As loyal readers know, I am a big believer that Soviet Higher Education teaches some real eternal truths about our sector (see here
in particular). This week I’ve been reading a book of essays called 25 Years of Transformations of Higher Education Systems in Post-Soviet Countries
, edited by Jeroen Huisman, Anna Smolentseva and Isak Froumin. And although structurally it’s a bit repetitive (as any book containing 15 identically-structured essays is likely to be), it’s very much worth a read for two reasons. First, for some of the totally bananas anecdotes (my faves are the public universities in Kazakhstan that were turned into joint stock companies and then sold off during an early-2000s privatization, and the Turkmen policy of shortening bachelors degrees to just 1 year because who needs all that learning anyway?), and second, because the post-1991 experiences of these countries provide some very deep insights into higher education as a whole.
Though the book isn’t quite structured to look at this directly, it’s worth conceptualizing the break-up of the Soviet higher education system as a massive sociological experiment: from a single common base, fifteen different experiments in policy. Of course, it’s not a perfect experiment: the initial conditions in the 15 post-Soviet states were quite different (compared to the average, Russia and Ukraine were better-endowed than the others, while the central Asian republics were less well-endowed), as were the economic and social fortunes of the states after independence (the Baltics got to join the European Union, Turkmenistan basically joined the 19th century, etc). But there was enough in common – the old policies, the common economic collapse of the early 1990s – to make a comparison of outcomes interesting.
The common Soviet heritage was basically four-fold. 1) Free education in a 2) highly stratified system with very few actual universities but tons of (to us in the west) hyper-specialized institutions 3) many of which were run by separate line ministries (the health ministry ran the medical schools, various economic or military ministries ran the engineering schools) and in which 4) not a whole lot of research took place because the money for research were all in external “academies”.
But what is truly fascinating is how, despite the different political and economic conditions the fifteen countries faced, they settled on some remarkably common policy outcomes. Consider:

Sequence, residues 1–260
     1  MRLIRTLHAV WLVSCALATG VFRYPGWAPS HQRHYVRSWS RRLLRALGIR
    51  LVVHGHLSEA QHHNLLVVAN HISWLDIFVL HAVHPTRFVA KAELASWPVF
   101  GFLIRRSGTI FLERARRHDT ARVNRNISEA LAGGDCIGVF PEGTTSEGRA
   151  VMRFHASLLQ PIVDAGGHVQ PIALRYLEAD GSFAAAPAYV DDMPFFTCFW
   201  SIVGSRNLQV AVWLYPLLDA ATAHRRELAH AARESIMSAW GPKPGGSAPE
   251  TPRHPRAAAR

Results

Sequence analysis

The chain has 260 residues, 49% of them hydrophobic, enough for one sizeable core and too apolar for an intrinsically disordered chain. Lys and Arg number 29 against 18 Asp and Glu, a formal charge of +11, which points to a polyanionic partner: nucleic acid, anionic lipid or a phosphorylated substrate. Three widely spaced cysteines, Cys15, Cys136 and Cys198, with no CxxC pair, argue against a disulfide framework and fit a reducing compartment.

- In nearly all countries, the economic crisis and liberalization led to the introduction of tuition fees in some for at public universities and the introduction of private universities (a couple of Central Asian republics are exceptions).
- That said, all countries kept the principle of free tuition. That is, a significant portion of students pay, but a significant portion (i.e. mainly better-off kids who test well coming out of secondary school) go for free.
- In the beginning when places were hard to come by, there was significant corruption and bribery in university admissions. All former Soviet countries countered this through the introduction of standardized national exams. Some of them seem to have been genuinely surprised that this did not eliminate social stratification in admissions – they assumed the stratification was a product of the bribery.
- Private universities were understood to be low-quality from the get-go, but in nearly all countries, it took almost a decade for governments to either introduce minimum legislative standards or adopt quality assurance standards that would lead to the closing of some institutions.
- Though subject to market competition, in all countries institutions became more homogenous. Basically, if you’re a university that historically specialized in tractor repair, you realised pretty quickly that it was a good idea to also have a business school in order to keep revenues up. Isomorphism – not differentiation – turned out to be the ultimate survival tactic.
- Nearly all countries still have bifurcated reporting lines – that is, many public universities still report to line ministries other than Education/Higher Education.
- With the exception of the three countries that joined the EU, in nearly all countries the academies retained their power and privileges with respect to research, which is a major reason why so few post-Soviet Universities look good on international rankings privileging research output.
I think from all of this there are some important lessons that probably apply to higher education as a whole. First, star researchers usually have the clout to hang on to their privileges, regardless of the overall effects these have on the system as a whole. Second, even under massive financial stress, institutional relationships with governments don’t necessarily change very much. Third, people can get addicted to free tuition even in situations where it makes obvious sense to change the policy. Fourth, it’s really hard to get government to focus on quality as an issue in higher education, even where it’s clearly a very big problem. Fifth – and I really think this is the big one – a market-driven system does not necessarily lead to a differentiated system; in fact, it may be the opposite. And that’s not because prestige-seeking institutions pursue isomorphism in order to appear more like “successful” institutions (though that may be part of the issue), it’s because specialized institutions may not be very resilient in the face of economic shocks. Avoiding specialization is thus a hedge against uncertainty in future demand – isomorphism is in part a portfolio strategy.
And in case you were wondering: yes, this Russia/Soviet talk is all a plot to shoehorn in a World Cup reference into the blog. In the absence of the azzurri – allez les bleus!